About: Moran State Park in Washington may not be easy to get to — being that it is on an island along the border of Washington and Canada — but it is worth the trek.

Come play on over 5400 acres of nature with miles of hiking, biking, and horseback riding trails. Or jump in the water or go boating on one of the five freshwater lakes. Simply enjoy the majestic views from Mount Constitution.

Amenities: And when you’re done exploring and eating snacks from the snack shack and have returned your rental boat, check out the many camping options to give your day the perfect ending. With RV boondocking sites, tent sites, bike camping, and glamping opportunities, there are amenities for everyone.

Why You Should Visit: With five lakes calling this state park home, the water is why you visit Moran State Park. Rent a boat, bring your own, head out on your kayak or paddleboard, or simply jump in for a swim. Whatever you choose, the water is waiting for you!

The sun rises over the Mount Constitution and the Crow Valley.
The sun rising over Mount Constitution and the Crow Valley.

5. Porcupine Mountains Wilderness State Park, Michigan

About: Porcupine Mountains Wilderness State Park is Michigan’s largest state park, with 60,000 acres along Lake Superior’s shoreline. And within those 60,000 acres, you’ll find waterfalls, rivers, more than 90 miles of trails, and a 35,000-acre old-growth forest.

But this isn’t any normal state park. This state park also has an 18 hole disc golf course and the Porcupine Mountains Ski Area.

Amenities: Along with those unique amenities, you’ll also find RV camping sites with electricity, restrooms, and a camp store. There are also several rustic camping sites with no amenities, and glamping options, including cabins, yurts, and tiny homes.

Along with those, there are several educational nature programs and bike and water rentals to keep you exploring and learning.

Why You Should Visit: It’s not every day you get to a state park with access to a ski area and an 18 hole disc golf course. Those two are reasons enough to visit, but if you need more, there’s plenty of stunning scenery surrounding you no matter what you do while spending time here.

A wooden hiking path through the dense forest in the Porcupine Mountains State Park.
Enjoy the hiking paths through dense forest in the Porcupine Mountains in Michigan.

6. Boyd Lake State Park, Colorado

About: In need of a quick respite from the city? Boyd Lake State Park in Colorado is just south of Fort Collins and has something for everyone. It lies at the base of Longs Peak, a 14,259-foot mountain on the Continental Divide. It’s a well-known haven for watersports enthusiasts, hikers, bikers, and more.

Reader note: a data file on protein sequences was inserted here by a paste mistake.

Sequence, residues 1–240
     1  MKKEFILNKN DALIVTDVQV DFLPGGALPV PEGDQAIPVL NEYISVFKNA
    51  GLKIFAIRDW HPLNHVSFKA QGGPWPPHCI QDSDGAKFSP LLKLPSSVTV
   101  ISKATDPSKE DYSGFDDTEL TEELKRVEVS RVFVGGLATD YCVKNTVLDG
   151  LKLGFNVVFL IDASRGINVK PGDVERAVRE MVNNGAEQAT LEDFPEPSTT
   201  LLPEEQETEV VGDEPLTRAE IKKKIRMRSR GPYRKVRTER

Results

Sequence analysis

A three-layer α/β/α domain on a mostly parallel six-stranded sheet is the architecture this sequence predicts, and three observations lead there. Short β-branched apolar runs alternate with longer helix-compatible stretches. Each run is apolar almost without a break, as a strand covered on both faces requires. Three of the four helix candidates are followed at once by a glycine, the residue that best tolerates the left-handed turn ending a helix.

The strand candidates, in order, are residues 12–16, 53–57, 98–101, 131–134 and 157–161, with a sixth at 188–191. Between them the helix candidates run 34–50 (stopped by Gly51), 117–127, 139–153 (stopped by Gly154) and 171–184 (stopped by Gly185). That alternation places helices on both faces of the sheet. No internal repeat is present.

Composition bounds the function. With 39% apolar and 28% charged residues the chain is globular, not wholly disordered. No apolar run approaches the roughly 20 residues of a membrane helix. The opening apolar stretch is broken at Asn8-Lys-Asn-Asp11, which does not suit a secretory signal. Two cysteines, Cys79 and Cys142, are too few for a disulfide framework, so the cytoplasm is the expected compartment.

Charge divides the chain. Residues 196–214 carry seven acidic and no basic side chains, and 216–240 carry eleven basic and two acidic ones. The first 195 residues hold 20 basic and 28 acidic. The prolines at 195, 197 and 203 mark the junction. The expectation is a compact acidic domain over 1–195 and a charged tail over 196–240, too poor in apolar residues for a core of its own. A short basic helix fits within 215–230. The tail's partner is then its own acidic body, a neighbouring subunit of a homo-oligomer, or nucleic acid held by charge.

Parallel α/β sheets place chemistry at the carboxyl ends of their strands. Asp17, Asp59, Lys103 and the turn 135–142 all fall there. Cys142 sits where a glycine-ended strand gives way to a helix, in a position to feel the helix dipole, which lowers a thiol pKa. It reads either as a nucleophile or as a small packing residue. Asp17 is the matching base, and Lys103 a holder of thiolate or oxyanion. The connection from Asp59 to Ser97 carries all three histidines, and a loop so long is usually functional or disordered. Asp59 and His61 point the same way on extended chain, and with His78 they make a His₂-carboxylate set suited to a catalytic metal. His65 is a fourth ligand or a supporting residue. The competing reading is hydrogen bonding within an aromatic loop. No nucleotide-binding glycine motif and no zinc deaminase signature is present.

Amenities: The best amenity here is the water itself, where you can find ski boats, jet skis, sailboats, and kayaks on the water at any moment of the day. There’s also a sandy beach for swimmers.

And when the day is done, there’s plenty of room for all-sized RVs with electric capabilities and even a dump station on site. Restrooms, showers, a playground, and horseshoe pits round out the plentiful amenities at Boyd Lake State Park.

Why You Should Visit: Boyd Lake is the star of this state park. There’s no doubt that people come here from all over Colorado and beyond to enjoy the cool refreshing waters of Boyd Lake.

Birds in the sand along Boyd Lake State Park in Colorado.
Birds along the shoreline of Boyd Lake in Colorado.

7. Amicalola Falls State Park, Georgia

About: Amicalola Falls State Park in Georgia is located a mere eight miles from the world-renowned Appalachian Trail and encompasses over 800 acres of wilderness. Home to Amicalola Falls, a 729-foot waterfall, along with the Amicalola Falls Lodge, this state park has stunning nature and exquisite resort-style amenities.

Amenities: A few resort-style amenities include a zipline, an archery field, guided hikes, and upscale dining. There are plenty of RV sites with hookups and onsite laundry, along with tent camping, rustic camping, and lodge rooms. All the amenities are at Amicalola Falls State Park. 

Why You Should Visit: It’s those amenities that match up with the beauty of nature here that provide the many reasons to visit this stunning state park.

Views from along a hiking trail overlooking the mountains in Amicalola Falls State Park.
Views from hiking through the mountains in Amicalola Falls.

Check Out One of These Underrated State Parks

From the west coast to the south and every terrain in between, these seven state parks offer the perfect respite from the go, go, go of our daily lives. Whether you’ve chosen the swim beach at Boyd Lake State Park in Colorado or the rock climbing adventures at Smith Rock State Park in Oregon, you’ve chosen exactly what you need to re-energize.

Others may view these parks as underrated, but you? You know differently. These state parks are some of the best in the nation.

When you check out these underrated parks?